By the time this case had reached the appellate court the underlying controversy between the plaintiffs and the defendants had, through action on the part of the defendants, become moot. We have repeatedly held that where it is no longer possible to render effective relief on the ultimate merits of a controversy, a reviewing court should not undertake a review of the controversy simply because liability for costs may be at stake. La Salle National Bank v. City of Chicago (1954), 3 Ill.2d 375, is illustrative. In that case the defendant had refused to issue a license to the plaintiffs to operate a nursing home because of the absence of frontage consents from owners of nearby property, which were required by a city ordinance. The trial court held that this requirement was unconstitutional, and certain intervening property owners appealed. While the case was pending on appeal, however, the license, in question was issued, and the plaintiffs moved to dismiss the appeal. We stated:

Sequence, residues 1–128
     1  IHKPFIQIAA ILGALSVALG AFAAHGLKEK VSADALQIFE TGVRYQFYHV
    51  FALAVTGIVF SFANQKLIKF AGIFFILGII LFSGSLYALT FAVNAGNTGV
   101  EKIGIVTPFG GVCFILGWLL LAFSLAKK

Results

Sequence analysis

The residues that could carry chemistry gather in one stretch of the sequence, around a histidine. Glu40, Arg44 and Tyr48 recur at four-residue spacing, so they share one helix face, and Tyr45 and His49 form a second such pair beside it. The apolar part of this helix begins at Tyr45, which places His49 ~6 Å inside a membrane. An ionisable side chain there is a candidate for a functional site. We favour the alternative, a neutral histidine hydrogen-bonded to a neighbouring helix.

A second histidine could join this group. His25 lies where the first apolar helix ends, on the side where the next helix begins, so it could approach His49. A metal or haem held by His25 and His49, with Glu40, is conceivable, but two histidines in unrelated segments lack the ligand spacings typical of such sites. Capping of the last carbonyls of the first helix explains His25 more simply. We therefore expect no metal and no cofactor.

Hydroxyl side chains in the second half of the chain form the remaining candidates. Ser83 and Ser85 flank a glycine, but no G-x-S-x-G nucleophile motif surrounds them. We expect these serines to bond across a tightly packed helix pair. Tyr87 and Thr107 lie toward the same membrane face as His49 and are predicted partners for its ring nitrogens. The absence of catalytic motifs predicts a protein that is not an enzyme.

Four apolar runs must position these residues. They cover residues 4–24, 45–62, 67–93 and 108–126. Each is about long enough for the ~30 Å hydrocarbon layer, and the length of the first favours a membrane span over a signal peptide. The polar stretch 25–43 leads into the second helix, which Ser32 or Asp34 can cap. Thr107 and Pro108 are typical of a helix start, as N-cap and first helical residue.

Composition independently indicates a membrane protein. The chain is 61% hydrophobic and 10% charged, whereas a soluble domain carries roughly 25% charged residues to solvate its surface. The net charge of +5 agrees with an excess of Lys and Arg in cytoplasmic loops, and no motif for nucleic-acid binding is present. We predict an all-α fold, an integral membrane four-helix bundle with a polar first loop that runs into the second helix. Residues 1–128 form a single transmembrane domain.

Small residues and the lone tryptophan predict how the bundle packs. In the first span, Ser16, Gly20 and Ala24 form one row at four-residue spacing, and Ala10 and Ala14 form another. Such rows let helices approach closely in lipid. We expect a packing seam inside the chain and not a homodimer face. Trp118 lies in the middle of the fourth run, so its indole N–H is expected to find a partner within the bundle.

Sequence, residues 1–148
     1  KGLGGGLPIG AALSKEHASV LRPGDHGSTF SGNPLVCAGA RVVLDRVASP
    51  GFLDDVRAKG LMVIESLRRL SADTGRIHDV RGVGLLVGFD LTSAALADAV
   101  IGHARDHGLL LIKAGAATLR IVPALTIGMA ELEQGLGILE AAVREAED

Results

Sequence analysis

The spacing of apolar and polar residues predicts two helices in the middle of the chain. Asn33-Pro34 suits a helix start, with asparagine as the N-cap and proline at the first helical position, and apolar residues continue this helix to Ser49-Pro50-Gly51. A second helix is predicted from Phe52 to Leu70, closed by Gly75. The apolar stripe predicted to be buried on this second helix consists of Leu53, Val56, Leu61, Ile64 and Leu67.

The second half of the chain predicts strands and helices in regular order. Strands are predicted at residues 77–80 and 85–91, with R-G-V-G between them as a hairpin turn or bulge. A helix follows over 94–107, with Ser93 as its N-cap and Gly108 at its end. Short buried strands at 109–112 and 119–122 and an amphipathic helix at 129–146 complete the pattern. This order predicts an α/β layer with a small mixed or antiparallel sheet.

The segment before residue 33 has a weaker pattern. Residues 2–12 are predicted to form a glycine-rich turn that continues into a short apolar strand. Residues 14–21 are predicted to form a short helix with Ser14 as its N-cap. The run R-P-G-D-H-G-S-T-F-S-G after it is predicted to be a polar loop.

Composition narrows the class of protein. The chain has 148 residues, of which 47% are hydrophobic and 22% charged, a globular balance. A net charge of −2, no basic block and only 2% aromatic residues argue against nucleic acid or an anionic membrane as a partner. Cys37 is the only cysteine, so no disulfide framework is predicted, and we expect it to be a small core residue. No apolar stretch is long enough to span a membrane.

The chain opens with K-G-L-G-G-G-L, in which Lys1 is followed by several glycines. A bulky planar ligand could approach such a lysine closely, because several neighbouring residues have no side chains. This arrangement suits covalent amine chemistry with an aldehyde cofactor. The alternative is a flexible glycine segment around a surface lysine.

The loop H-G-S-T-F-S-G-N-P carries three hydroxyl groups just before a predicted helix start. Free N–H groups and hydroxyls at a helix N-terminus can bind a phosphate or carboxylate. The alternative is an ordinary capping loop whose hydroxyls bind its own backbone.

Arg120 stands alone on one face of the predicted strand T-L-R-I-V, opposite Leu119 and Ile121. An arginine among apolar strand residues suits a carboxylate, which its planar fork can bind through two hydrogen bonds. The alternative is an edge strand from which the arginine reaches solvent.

“*** Where the issues involved in the trial court no longer exist, an appellate court will not review a case merely to decide moot or abstract questions, to establish a precedent, or to determine the right to, or the liability for, costs, or, in effect, to render a judgment to guide potential future litigation.” 3 Ill. 2d at 378-79.

The decision reached by the appellate court is based upon a supposed analogy to the statutory scheme of the costs act (Ill. Rev. Stat. 1973, ch. 33, par. 1 et seq.), under which those items of costs which are recoverable by a successful plaintiff are likewise recoverable by the defendant if the latter prevails. It is for this reason that the appellate court felt required to review the ruling of the trial court upon the merits. The analogy is not persuasive, *442however, for only those items of costs designated by statute may be allowed as such, and attorneys’ fees are not of that character. (Ritter v. Ritter (1943), 381 Ill. 549.) Apart from statute, there is, of course, no right on the part of the successful party to recover “attorneys’ fees and the ordinary expenses and burdens of litigation.” (House of Vision, Inc. v. Hiyane (1969), 42 Ill.2d 45, 51-52.) For the reasons given above that part of the judgment of the appellate court setting aside the award of costs and attorneys’ fees to the plaintiffs was also erroneous.